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MDA top spot vacated second time during Musgrove

Bye, Bob

JACKSON — Three days after the $1.3-billion Nissan plant opened in Canton, and three months before the gubernatorial primaries, Robert Rohrlack became the second chief of the state’s economic development department to leave office during Gov. Ronnie Musgrove’s tenure.

Even though Musgrove released a prepared statement praising MDA chief Bob Rohrlack, whom he said “has been a tremendous part of our effort to build Mississippi and … has done a fantastic job,” and Rohrlack issued a press release stating that “excessive time away from my family has caused me to make a tough decision today … it’s important to me that I spend more quality time with my family,” some sources say there was more to the situation than a mutually agreed-on parting of the ways.

A fuzzy picture

This much is clear: early Friday morning, May 30, the governor paid a visit to Rohrlack — at Rohrlack’s request. After a closed-door session, Musgrove emerged, stopping to chat with several employees and backslapping others on the way out. He was, as several folks noted, “all smiles.” A few minutes later, Rohrlack announced his resignation.

“I was on a TV show with Bob Thursday night (May 29) and he didn’t seem to be troubled by anything,” said Blake Wilson, president of the Mississippi Economic Council. “He did a superb job on ‘Statewide Live’ talking about Nissan’s impact on the state economy and didn’t say a word about quitting. The first I heard about (his resignation) was Friday morning.”

Speculation swirled that Musgrove pressured Rohrlack to resign after 18 months on the job but key personnel said that’s not true.

As this issue of the Mississippi Business Journal went to press, calls to the governor’s office had not been returned.

In October 2001, after 20 months on the job, Musgrove fired MDA chief J.C. Burns, a former banker from Batesville, who was widely credited with helping land Nissan, and hired Rohrlack, a graduate of the University of Southern Mississippi’s economic development master’s program and president of the Alliance for Economic Development, an alliance of the Gainesville (Fla.) Council for Economic Outreach and the Gainesville (Fla.) Area Chamber of Commerce.

“This is part of the transition you get when you hire a commodity like a Bob Rohrlack, who’s a very strong talent,” said Wilson. “With his age and the level of his career, he’s going to move on. The good news is the state has a system in place and MDA won’t miss much of a beat. But Bob sure did a great job.”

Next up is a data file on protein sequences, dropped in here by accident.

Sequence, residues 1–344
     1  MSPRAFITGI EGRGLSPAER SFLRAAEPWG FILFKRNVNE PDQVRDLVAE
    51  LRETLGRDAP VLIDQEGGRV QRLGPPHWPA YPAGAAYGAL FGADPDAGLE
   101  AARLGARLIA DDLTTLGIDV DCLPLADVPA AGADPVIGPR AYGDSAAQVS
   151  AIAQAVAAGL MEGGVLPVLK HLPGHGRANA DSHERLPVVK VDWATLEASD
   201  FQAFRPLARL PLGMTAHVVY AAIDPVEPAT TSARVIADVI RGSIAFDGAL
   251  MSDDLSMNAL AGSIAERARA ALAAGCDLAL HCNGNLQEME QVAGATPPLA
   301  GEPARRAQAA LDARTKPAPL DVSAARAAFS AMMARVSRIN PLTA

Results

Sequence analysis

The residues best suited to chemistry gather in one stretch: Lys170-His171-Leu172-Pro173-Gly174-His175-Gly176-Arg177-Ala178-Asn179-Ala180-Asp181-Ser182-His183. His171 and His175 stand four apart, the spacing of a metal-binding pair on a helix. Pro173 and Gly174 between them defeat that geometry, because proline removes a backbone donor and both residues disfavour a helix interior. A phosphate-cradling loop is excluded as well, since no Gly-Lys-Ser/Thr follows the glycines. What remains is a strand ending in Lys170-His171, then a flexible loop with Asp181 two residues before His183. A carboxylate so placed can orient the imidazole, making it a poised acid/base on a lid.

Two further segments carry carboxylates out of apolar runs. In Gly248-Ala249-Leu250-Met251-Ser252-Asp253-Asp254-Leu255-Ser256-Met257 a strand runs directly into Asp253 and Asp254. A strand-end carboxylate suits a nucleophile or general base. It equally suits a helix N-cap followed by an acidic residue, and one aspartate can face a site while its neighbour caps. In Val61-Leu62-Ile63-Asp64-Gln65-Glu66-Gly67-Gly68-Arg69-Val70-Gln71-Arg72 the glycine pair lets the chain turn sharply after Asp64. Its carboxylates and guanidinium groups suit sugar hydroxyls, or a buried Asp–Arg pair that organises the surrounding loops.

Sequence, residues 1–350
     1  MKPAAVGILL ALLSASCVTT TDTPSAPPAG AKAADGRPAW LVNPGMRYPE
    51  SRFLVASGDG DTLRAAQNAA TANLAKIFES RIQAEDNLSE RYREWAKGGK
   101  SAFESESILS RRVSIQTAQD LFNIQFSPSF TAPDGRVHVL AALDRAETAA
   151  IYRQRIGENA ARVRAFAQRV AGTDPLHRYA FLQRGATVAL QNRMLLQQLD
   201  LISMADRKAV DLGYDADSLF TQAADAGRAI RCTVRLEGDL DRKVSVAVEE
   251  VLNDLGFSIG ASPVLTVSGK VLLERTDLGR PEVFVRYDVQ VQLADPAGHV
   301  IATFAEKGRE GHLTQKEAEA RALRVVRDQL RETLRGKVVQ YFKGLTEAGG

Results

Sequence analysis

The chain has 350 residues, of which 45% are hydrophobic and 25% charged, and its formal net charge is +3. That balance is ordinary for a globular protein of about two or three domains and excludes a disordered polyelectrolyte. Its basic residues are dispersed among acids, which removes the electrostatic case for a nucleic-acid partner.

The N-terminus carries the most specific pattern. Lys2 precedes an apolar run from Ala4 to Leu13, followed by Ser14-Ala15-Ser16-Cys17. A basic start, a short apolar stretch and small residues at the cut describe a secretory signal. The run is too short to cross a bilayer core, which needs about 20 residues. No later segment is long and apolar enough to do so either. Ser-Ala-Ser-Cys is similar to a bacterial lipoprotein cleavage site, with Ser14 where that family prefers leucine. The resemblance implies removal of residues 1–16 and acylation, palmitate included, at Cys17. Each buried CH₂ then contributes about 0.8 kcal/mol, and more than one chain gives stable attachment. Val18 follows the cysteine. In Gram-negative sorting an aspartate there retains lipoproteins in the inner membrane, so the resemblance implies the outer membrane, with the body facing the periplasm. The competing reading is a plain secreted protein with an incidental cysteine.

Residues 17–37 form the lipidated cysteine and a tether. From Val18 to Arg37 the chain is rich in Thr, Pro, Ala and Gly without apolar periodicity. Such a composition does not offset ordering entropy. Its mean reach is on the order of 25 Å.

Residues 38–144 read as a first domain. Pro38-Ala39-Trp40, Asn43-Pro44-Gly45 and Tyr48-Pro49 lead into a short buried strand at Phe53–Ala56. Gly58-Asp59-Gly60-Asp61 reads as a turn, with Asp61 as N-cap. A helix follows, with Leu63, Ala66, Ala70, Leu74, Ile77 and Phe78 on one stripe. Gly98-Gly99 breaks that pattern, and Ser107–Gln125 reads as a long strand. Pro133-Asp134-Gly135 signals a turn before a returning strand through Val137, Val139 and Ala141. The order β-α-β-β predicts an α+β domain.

Burns, who has been very successful working with companies and communities in Mississippi on economic development and business issues through his company, Burns Development Group, since leaving MDA. said the time requirements for the executive director’s job “are strenuous at best, and I understand Bob was a dedicated developer. He will be missed.”

When the Mississippi Business Journal interviewed Rohrlack soon after he was named Burns’ successor, he was adamant about doing his job well and making time for family life with his wife, Sue, and their three sons Tommy, Stephen and Bobby, then ranging in age from six to 10.

“I made it clear with the governor that as much as he can count on me to be there to get the job done whenever it needs to be done, my sons need to know that I can still be their soccer coach or whatever they need,” he said. “(The governor) was very supportive about that. He expects people to have a private life and still get the job done.”

“When I first read that article, I thought Bob just didn’t understand our governor,” said a long-time economic developer. “There’s probably some truth to the family thing, but I suspect the governor told him, ‘I’ve gotta start having you travel with me on the weekends,’ and Rohrlack just wasn’t going to do that.”

A source close to the situation said promises made by the governor to Rohrlack “never materialized” and Rohrlack realized they never would.